Construction underway on Imperial’s renewable diesel facility near Edmonton, Alberta
In its second-quarter financials released July 28, Imperial, Canada’s largest petroleum refiner, said the renewable diesel project at its Strathcona refinery near Edmonton, Alberta, passed a significant milestone during the quarter.
In May, key contractors were mobilized to the site to begin work on facility construction.
The project is designed to produce more than 1 billion liters (264 million gallons) of renewable diesel annually.
The plant will primarily use locally sourced feedstocks, the company stated.
According to Imperial, the project could help reduce greenhouse-gas emissions by about 3 million metric tons per year, as determined in accordance with Canada’s Clean Fuel Regulations.
“We support Canada’s vision for a lower-emission future, and I am encouraged to see the work now underway to build Canada’s largest renewable diesel facility,” said Brad Corson, Imperial’s chairman, president and CEO.
“The project remains on track for a 2025 start-up and is expected to produce more than 1 billion liters of renewable diesel annually to help meet strong demand under Canada’s Clean Fuel Regulations and reduce reliance on costly imports,” Corson added.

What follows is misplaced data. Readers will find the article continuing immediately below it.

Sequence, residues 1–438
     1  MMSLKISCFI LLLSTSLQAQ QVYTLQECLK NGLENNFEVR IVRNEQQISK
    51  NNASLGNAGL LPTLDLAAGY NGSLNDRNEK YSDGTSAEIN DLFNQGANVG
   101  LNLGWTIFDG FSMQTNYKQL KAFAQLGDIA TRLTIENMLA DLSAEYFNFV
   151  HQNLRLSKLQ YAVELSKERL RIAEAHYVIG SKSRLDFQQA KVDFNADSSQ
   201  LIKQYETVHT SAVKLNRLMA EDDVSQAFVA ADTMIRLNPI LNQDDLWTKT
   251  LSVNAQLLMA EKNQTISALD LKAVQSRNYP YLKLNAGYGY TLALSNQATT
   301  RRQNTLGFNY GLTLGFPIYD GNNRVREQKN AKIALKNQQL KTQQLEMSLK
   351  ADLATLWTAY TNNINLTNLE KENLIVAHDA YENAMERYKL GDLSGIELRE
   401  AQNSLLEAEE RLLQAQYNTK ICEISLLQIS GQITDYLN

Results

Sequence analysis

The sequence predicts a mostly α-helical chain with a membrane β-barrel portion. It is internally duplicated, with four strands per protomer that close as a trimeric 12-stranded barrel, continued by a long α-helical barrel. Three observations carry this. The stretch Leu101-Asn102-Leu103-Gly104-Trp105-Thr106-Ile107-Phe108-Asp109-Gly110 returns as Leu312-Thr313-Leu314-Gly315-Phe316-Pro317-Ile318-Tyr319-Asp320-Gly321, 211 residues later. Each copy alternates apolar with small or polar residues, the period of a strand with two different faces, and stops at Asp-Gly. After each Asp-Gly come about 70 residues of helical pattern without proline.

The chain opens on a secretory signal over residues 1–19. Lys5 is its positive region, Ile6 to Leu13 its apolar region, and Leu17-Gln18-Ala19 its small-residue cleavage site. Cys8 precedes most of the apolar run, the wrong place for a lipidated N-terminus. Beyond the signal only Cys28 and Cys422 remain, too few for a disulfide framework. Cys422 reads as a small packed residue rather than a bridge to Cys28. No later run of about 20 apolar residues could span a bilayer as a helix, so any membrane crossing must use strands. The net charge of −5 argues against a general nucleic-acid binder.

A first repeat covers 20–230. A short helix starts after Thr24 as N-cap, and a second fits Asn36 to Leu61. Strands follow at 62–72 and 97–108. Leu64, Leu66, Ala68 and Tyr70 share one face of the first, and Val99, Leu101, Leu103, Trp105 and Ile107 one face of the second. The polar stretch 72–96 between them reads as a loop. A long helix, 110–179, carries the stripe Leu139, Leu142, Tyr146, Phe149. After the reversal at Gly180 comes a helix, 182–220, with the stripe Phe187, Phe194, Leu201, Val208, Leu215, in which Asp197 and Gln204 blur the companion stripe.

The project was first announced in August 2021.
In September 2022, Imperial entered a long-term contract with Air Products to supply low-carbon hydrogen for the renewable diesel project.
A month later, Fluor announced Imperial had awarded the company a reimbursable front-end engineering and detailed design, engineering and procurement services contract for the Strathcona renewable diesel facility.
Then, early this year, Imperial announced its final investment decision in moving forward with the major project.
Imperial also announced in its second-quarter financials that the company took delivery of its first-ever shipment of renewable diesel at its Kearl Oil Sands Project in Alberta for use in its mine fleet.
The company said use of renewable diesel at its oil-sands mining operation is part of its ongoing efforts to reduce emissions and demonstrate the suitability of renewable diesel for use in heavy-equipment applications.